Ocracoke Islanders want visitors as badly as non-resident property owners want to come back. Photo: C. Leinbach

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By Mike Lydick

I’m a member of an Ocracoke Non-Resident Property Owner (NRPO) Facebook page that was created just after Dorian to help organize information and connect owners to each other as we migrated back to the island and homes we loved with our mops, fans and tools.

The discussions were civil until the arrival of what I call “the second flood,” COVID-19. Only this time, the re-entry tag hanging from my mirror is useless.

Most of the NRPO’s understood why. But a select few began behaving like the kids with golden tickets in the Willie Wonka movie. Entitled. Selfish. Angry.

I tried explaining to them some things that I thought were obvious to everyone.

Our second homes sit a few feet above the ocean. If I need to dig a post hole, it requires a shovel and a snorkel.

I reminded them that residents’ homes were generational. That the majority of these sat a few feet above the exposed earth when the sewage-laden water levels rose. That the majority of our homes sat 10 to 15 feet above the tumultuous tide.
Remembered that we came back in cars, from a second home that was OK. Drove back to those OK homes in our OK cars. Reminded them that locals lost their homes and their cars (and their bikes).

I recalled how Teresa Adams helped NRPO’s get re-entry passes; connecting anyone who needed help to help. She didn’t treat any of us any differently in her office up above the piles of buckets and canned food.
But you understood, though, driving in your “go” car that you brought from your OK house that it was different for the people you passed on the way out from the firehouse.
It was different for Sandy of Cool Creek Electric. He didn’t have customers. He had friends and neighbors with no power. Many like us with pulled meters in those early days. If your eyes were open, you saw that Sandy (who is also an EMT) was mad tired. Still is.
Same for Chuck or Cathy from Chuck’s ACR. If you ask Chuck how many AC units he’s replaced, he’ll tell you he’s not sure within a plus-or-minus 20 guess. As of this article, they’ve still got 40 to 60 units to go.  Cathy would like to go on vacation when it’s all over, but definitely doesn’t want a cruise.  They’re tired like Sandy is tired. Like everyone is tired. NR’s and PO’s both helped equally, in due time.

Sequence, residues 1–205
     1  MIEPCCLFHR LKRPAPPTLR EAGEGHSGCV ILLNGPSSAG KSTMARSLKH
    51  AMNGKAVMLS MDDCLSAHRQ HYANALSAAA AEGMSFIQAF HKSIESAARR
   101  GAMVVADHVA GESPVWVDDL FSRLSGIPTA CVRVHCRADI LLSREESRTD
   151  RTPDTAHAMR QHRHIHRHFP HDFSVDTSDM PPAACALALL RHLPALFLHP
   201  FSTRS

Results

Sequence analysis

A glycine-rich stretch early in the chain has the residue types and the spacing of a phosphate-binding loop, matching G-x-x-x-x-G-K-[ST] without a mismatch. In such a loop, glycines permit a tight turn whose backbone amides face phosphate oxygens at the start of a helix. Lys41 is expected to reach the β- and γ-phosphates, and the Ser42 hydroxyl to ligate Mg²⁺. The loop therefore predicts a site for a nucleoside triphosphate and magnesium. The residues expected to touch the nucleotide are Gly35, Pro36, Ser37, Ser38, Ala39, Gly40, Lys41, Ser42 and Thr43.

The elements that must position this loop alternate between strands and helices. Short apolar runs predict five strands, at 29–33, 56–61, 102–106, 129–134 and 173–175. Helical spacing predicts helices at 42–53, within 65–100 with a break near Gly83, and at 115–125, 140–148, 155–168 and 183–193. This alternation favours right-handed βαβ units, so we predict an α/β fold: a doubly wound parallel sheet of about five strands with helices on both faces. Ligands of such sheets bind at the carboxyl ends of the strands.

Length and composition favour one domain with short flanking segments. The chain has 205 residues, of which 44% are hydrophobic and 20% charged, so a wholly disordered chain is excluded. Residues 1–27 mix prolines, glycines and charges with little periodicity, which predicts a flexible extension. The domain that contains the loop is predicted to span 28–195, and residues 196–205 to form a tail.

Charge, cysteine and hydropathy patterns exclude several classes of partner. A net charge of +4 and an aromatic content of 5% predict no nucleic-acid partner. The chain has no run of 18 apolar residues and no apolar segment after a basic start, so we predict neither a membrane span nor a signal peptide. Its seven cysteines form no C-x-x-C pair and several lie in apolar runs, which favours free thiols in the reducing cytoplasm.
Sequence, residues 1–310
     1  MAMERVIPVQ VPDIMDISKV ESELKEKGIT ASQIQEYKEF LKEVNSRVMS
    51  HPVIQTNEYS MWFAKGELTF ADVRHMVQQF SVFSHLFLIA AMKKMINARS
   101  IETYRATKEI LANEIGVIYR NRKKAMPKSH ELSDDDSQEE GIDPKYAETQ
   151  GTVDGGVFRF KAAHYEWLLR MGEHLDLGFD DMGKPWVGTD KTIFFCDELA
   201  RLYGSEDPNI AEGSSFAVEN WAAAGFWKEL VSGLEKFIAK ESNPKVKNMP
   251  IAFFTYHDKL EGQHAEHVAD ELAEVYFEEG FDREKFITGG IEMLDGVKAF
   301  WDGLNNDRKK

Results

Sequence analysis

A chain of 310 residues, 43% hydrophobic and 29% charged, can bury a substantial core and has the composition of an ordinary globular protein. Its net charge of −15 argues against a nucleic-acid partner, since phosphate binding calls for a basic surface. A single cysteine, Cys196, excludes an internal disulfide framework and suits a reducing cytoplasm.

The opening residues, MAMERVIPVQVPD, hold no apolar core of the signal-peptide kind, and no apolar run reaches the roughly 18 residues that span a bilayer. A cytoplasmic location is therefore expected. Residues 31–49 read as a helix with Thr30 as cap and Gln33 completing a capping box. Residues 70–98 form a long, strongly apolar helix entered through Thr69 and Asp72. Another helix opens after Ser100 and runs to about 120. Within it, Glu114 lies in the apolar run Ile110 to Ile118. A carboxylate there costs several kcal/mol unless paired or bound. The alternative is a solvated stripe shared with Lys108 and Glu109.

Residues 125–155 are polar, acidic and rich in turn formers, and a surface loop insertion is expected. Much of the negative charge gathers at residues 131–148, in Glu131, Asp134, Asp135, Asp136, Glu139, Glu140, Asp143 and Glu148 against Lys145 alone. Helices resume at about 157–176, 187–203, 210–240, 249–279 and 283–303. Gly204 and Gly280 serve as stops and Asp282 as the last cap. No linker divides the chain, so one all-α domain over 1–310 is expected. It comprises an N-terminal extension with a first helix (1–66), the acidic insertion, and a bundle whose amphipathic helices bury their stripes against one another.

I explained to these very loud posters that there were about 20 beds in the Outer Banks Hospital. No ICU to speak of. That there were quite a few Ocracoke residents in the 65-plus age at risk age group. People were scared, and rightly so.
These people would like for us to stay home.
These people, who want our houses fixed, open and filled with happy money-spending renters more than we do. They are more scared than we are about the empty ferries and businesses.
Let’s not go there until we’re told we can, I said.
That if they thought the way to get what they wanted was to be vocal about their non-resident rights–to stand out like some human flare of entitled self-righteousness–then they didn’t understand something obvious.

That this place we’ve staked our markers in–it’s the home of people born of pilots and privateers and fisherman. Descendants of the Life Saving Service and pirates and quiet people who’ve rarely if ever gotten help from the mainland. Their homes are built from broken ships. They have pizers and go on scuds. They would like us to stay home for now.

I explained that maybe these loud Facebook posters should be quiet. Follow our lead. Pay down their principal. Learn what we can and listen when we can. Slow down our expectations and increase our participation. Ease into a community that no longer exists in most parts of the world. And someday, hopefully, earn a seat at the table when our hair is grayer, and we drop our respective NR’s.